Ken Park is a 2002 film written by Harmony Korine and directed by Larry Clark and Ed Lachman. It was made without the involvement of Korine, the screenplay having been written in the early 1990s, after Kids was written but before that film had entered pre-production. Ken Park was made on a budget of 1.3 million dollars. It premiered at the 29th Telluride Film Festival on August 31, 2002. It did not appear in theaters in the US outside the festival circuit. The film was refused classification in Australia and as a result it is unlawful to publicly screen the film or offer it for sale in that country.
Korine explained the writing of the film in an interview at Ryerson University, Canada, on April 1, 2005:
Ken Park was written right after Kids, before we had gotten the financing for Kids. [Larry Clark] realized I could write pretty well and that I understood a certain type of vernacular, the teenage vernacular. So he wrote down five things he wanted to see on a napkin in red ink. [...] They were things that he wanted to see. Five images that he wanted to see, and with those images he wanted me to construct a basic narrative, like a certain kind of narrative. I wasn't interested in telling a kind of elliptical narrative, I wanted to deconstruct some stories. At that point, it was written literally right after I wrote Kids.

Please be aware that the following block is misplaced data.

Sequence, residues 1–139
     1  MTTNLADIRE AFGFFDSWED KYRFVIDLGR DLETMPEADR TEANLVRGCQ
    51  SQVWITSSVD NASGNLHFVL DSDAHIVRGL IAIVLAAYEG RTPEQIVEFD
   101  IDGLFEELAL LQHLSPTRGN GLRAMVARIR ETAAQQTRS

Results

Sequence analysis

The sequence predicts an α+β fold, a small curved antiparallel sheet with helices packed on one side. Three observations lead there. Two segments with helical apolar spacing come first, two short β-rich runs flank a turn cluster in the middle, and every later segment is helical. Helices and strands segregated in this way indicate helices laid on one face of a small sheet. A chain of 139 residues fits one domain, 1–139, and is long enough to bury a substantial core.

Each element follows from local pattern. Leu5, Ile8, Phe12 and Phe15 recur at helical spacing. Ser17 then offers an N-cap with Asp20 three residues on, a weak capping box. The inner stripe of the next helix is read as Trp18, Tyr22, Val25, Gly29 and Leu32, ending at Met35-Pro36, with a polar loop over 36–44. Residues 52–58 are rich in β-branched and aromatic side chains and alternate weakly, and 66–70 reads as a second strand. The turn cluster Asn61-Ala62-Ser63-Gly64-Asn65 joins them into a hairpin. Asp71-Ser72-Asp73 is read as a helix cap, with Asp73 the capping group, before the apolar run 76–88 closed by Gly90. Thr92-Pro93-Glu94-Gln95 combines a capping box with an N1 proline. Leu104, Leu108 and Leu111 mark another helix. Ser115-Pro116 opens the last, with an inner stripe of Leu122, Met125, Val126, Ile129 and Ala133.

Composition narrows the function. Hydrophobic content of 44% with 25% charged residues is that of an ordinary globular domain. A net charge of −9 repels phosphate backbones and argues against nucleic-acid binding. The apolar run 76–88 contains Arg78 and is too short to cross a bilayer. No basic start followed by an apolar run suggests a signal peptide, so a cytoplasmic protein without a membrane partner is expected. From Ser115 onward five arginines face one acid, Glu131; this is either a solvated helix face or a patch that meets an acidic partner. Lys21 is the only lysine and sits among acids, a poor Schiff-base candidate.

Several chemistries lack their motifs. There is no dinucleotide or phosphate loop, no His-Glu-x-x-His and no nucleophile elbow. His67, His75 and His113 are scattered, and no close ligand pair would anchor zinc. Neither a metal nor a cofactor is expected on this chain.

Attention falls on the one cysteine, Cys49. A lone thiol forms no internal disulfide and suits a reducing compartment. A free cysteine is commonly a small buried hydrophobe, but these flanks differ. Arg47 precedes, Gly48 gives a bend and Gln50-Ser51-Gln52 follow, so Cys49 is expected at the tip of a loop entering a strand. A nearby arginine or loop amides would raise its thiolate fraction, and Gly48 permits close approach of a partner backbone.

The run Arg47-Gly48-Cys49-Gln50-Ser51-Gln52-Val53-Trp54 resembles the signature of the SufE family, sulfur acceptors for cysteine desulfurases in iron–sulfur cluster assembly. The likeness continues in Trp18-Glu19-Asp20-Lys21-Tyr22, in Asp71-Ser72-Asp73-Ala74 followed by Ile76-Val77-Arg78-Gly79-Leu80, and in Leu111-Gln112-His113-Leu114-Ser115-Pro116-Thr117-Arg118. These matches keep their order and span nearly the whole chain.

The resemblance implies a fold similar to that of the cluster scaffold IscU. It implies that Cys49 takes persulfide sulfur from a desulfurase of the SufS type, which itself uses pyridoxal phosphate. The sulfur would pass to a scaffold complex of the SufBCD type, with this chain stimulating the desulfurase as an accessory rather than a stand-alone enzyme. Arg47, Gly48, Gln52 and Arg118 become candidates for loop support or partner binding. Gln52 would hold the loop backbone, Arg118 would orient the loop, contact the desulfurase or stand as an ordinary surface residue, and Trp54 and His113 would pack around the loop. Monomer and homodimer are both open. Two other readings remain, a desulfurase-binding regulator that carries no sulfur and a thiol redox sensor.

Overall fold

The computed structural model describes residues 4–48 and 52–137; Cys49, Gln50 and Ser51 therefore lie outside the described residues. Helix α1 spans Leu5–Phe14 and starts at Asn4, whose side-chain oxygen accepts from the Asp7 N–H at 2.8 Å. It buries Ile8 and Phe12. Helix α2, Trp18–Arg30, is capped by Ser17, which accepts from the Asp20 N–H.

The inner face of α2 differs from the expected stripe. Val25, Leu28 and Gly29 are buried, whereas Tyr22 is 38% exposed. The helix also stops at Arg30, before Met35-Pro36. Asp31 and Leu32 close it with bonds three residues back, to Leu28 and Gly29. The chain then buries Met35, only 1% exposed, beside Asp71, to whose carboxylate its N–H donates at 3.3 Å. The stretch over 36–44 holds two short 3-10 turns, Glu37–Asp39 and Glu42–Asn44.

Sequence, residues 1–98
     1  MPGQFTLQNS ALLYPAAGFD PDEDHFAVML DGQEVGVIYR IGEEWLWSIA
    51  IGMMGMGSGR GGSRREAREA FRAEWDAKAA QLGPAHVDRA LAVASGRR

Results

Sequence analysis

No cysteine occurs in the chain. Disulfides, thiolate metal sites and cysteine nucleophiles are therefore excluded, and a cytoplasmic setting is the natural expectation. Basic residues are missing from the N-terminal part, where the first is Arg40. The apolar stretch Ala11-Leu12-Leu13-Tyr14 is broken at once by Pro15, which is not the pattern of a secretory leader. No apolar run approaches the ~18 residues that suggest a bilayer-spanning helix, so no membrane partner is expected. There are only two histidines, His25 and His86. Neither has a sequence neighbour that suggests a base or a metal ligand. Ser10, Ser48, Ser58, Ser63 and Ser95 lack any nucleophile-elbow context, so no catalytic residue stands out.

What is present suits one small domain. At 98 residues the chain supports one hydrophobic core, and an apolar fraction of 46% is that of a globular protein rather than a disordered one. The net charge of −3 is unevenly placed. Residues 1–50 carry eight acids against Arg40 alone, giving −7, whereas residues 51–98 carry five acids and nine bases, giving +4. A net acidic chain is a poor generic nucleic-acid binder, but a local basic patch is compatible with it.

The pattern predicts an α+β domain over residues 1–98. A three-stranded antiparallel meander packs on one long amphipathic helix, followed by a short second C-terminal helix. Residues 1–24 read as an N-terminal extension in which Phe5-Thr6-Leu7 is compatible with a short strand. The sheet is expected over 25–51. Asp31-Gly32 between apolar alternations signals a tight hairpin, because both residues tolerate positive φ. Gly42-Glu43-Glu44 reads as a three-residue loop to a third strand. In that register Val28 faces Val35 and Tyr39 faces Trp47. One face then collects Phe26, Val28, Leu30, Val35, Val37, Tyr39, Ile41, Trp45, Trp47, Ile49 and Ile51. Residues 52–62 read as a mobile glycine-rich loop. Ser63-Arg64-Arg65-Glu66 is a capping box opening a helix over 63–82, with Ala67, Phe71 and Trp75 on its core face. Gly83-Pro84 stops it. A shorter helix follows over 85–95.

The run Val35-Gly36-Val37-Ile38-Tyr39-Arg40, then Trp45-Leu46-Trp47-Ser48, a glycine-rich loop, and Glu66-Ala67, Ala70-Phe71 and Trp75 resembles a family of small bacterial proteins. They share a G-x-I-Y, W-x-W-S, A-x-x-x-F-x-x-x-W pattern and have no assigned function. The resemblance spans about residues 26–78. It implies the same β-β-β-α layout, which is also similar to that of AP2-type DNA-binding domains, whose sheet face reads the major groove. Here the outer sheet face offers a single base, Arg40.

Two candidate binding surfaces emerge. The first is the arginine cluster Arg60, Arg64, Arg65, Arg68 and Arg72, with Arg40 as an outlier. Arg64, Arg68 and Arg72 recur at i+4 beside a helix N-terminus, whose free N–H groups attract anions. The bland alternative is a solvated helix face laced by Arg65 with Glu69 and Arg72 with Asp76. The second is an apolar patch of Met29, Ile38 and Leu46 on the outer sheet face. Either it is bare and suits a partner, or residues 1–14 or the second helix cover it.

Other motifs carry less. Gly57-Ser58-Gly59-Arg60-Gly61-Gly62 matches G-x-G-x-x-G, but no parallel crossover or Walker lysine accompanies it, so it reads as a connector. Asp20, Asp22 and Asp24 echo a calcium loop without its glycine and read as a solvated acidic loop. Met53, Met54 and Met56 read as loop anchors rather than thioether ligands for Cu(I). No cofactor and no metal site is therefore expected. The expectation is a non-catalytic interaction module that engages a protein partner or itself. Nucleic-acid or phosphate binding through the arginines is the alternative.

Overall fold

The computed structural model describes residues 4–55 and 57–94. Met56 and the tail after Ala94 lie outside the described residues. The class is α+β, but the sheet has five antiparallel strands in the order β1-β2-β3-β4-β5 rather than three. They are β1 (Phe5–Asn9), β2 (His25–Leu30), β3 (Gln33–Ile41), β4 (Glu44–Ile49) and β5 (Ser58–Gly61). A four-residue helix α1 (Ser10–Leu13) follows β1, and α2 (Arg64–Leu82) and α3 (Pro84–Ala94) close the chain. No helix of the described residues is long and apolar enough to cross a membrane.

The full film credits as they appear at the end of the picture can be found here.
Larry Clark makes a cameo at the end of Ken Park as owner the "Larry's Hotdogs" store.
Clark's son, Matt, acted as a music consultant on the film.
There is a real Ken Park who was a professional skater in the 1980s.
Clark shot Bully, Teenage Caveman and Ken Park in a nine-month period.
U.K. distributor Hamish McAlpine dropped Ken Park after Clark punched him in the face at a celebratory dinner. This was after McAlpine reportedly said that 9/11 was "the best thing that ever happened to America."
Nominated for the Golden Spike award at the Valladolid International Film Festival in 2002.
Ken Park is available in various censored and uncensored editions around the world. The most recommended versions are the Rusian PAL R0 DVD and the German R0 DVD from Legend Home Entertainment, both of which feature no edits or censoring.
Due to music licensing issues a US DVD release is unlikely.